Colder than the breath of Iku himself
egbon has come, slippery as an eel yet again
with mien as a shield
immune to the loud silence
as Iya Agba lay
spent in her mess.
Baba murdered infants in the war
and Iya Agba spat into Osun
a juvenile fool
but what is my own sin that you torment me so?
As flowers to a bee
As feces to a fly
I call you egbon, listen to my cry.
Oh Ika, ancient though you bawl
Irunmole buruku, timeless though you crawl
Have mercy on these children of men
Forget their blunders of before when
they knew of your wrath and unforgiveness.
Accept their offerings
appeasements being made
since before Maami bore me
for they are old and worn
this is a battle you have won.
Aburo, think of me
as you close your eyes in mock
I promise to follow you
To the river
To the market
To the end of the earth if you want
Only wait and play with me.
By Baba’s shriveling loins I swear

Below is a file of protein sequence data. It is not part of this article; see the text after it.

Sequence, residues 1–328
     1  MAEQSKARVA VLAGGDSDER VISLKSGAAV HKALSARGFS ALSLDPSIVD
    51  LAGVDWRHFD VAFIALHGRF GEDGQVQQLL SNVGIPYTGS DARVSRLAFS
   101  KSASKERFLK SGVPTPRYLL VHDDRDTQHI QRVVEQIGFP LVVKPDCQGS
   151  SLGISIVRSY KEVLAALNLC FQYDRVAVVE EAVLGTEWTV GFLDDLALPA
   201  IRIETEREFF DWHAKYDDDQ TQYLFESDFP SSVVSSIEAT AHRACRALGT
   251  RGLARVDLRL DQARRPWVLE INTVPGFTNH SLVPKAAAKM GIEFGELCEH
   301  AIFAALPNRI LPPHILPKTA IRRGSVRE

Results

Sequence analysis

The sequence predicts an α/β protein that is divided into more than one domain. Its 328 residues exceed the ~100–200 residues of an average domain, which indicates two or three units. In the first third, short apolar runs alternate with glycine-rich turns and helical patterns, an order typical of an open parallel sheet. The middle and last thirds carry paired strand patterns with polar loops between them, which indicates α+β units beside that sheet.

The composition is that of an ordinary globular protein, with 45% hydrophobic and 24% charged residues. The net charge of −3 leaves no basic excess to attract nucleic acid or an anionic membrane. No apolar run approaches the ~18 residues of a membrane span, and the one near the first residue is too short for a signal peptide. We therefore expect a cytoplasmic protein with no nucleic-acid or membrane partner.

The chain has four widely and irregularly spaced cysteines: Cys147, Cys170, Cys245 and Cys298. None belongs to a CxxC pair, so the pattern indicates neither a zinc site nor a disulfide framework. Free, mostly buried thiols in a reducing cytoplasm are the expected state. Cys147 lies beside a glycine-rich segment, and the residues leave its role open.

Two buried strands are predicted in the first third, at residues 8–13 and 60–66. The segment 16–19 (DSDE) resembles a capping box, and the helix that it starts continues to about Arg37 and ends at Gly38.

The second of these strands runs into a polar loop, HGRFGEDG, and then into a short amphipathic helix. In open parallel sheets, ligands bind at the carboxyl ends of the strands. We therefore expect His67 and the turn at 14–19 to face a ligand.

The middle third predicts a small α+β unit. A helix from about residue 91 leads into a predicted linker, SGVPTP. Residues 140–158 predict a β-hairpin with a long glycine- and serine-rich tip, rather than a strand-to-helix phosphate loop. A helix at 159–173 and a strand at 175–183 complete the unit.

Not one scar on your body
Who would dare?
Egbon mi, Aburo mi
Let me be your protector
Till Iku your accomplice
takes me when my years are done
be-shielding only you.
Egbon – Elder sibling
Iya Agba – Older mother
Baba – Father
Osun – River goddess of fertility in Yoruba land
Ika – Wicked one
Irunmole buruku – Terrible demon
Maami – My mother
Aburo – Younger sibling
I’ve always been fascinated with Wole Soyinka and JP Clark’s Abiku poems, and thus this was borne from them both. Wole Soyinka writes from the perspective of a proud Abiku who feels no remorse whatsoever about the pain he causes while JP Clark tells the story from the side of a relative begging the Abiku to stay.